Mara Salvatrucha-13 “MS-13”
An Interview with Congressman Peter King
By Daniel Del Valle, George Beck, and Joseph Uliano
On May 23rd President Donald Trump traveled to Bethpage, New York to head a roundtable discussion pertaining to the vicious MS-13 and their increased violence toward innocent children living in communities. Among those present included, Rep. Peter King, Rep. Dan Donovan, Homeland Security Secretary Kirstjen Nielsen, Nassau Police Commissioner Pat Ryder, Suffolk Police Commissioner Geri Hart, and Deputy Attorney General Ron Rosenstein. Also present and perhaps the most impactful were the parents of two murdered teenagers, 15-year-old Nisa Mickens and 16-year-old Kayla Cuevas, who were subjected to the brutality of MS-13 and their infamous use of machetes prior to their deaths.
After hearing a heartfelt testimony from the parents, President Trump pledged to do everything in his power with the assistance of Federal law enforcement to rid MS-13 from communities such as Nassau and Suffolk, New York and elsewhere in the United States that are plagued by crime and violence at the hands of MS-13.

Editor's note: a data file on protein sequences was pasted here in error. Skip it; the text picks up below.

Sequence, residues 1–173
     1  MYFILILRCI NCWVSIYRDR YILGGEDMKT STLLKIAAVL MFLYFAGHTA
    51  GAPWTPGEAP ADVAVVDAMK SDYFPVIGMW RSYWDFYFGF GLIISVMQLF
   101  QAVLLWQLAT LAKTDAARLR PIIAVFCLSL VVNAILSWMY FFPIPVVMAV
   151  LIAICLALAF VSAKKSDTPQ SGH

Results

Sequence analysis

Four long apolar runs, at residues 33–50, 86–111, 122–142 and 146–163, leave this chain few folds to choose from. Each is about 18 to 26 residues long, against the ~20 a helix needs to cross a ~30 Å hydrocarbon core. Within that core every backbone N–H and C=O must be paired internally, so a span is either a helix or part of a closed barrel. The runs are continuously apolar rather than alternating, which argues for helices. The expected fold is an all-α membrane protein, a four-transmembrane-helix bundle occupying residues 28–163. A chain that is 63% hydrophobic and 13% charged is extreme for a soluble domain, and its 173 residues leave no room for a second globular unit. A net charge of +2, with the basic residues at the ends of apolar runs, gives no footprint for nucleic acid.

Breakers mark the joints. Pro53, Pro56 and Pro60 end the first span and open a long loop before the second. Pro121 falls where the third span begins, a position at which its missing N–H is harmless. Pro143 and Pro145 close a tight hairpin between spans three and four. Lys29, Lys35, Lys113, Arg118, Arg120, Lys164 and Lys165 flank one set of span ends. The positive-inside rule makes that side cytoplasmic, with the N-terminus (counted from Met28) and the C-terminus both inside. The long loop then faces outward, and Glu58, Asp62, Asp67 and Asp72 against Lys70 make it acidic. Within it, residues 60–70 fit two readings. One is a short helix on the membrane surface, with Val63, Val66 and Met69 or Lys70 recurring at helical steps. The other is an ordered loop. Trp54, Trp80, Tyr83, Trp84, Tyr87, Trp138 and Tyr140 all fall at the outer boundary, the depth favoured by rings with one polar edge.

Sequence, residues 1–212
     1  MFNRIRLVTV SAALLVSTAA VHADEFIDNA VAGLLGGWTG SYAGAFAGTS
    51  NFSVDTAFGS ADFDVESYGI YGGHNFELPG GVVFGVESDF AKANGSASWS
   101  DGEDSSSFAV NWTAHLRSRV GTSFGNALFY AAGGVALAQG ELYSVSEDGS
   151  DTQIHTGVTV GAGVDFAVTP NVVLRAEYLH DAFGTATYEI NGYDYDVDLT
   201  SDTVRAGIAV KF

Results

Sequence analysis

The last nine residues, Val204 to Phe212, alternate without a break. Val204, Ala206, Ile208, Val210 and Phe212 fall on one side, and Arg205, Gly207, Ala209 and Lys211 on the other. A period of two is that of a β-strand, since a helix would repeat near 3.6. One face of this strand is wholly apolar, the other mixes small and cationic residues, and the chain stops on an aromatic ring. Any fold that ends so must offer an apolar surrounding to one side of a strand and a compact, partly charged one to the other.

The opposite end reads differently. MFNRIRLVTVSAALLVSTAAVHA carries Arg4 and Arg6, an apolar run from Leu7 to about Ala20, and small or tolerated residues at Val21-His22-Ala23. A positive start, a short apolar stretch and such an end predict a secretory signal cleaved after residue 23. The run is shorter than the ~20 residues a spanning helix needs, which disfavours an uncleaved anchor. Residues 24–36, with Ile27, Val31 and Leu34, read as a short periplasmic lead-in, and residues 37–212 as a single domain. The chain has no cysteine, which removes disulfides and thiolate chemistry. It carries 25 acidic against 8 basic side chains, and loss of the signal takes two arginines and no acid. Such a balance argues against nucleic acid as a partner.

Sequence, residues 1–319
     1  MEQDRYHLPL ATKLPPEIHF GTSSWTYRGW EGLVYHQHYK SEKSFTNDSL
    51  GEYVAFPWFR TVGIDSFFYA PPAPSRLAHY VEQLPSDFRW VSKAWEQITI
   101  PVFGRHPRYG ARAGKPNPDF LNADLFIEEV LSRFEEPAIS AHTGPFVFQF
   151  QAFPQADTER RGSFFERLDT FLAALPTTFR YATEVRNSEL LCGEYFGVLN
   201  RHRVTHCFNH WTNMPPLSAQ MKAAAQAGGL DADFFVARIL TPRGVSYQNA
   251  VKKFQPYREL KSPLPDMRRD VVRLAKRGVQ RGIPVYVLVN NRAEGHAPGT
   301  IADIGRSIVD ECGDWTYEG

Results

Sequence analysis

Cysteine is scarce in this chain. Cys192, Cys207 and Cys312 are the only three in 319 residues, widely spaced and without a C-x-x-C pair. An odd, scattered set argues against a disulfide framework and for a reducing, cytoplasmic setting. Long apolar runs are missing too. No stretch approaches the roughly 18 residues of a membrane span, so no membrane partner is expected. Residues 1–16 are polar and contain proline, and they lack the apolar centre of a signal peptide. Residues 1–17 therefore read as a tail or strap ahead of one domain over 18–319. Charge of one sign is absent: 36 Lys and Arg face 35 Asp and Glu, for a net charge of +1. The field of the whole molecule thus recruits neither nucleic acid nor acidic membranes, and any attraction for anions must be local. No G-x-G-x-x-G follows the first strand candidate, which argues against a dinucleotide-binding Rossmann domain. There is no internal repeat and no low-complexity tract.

Following the roundtable discussion, we sat down with Rep. Peter King for an exclusive interview to learn more about MS-13 and what actions are being taken to rid them from our streets.
Blue Magazine: How much of a threat is MS-13 to New York and the rest of the country?
Congressman King: MS-13 ruthlessly terrorizes and brutalizes communities. Between 2016 and 2018, this gang has been responsible for more than 20 murders on Long Island alone. They disproportionately affect the youth of immigrant communities on Long Island. With the steadfast support of President Trump, Federal, state and local law enforcement have intensified their efforts to eliminate this threat and I believe we have made significant progress. However, this gang is embedded in communities so it will take time, effort and resources to fully eradicate them.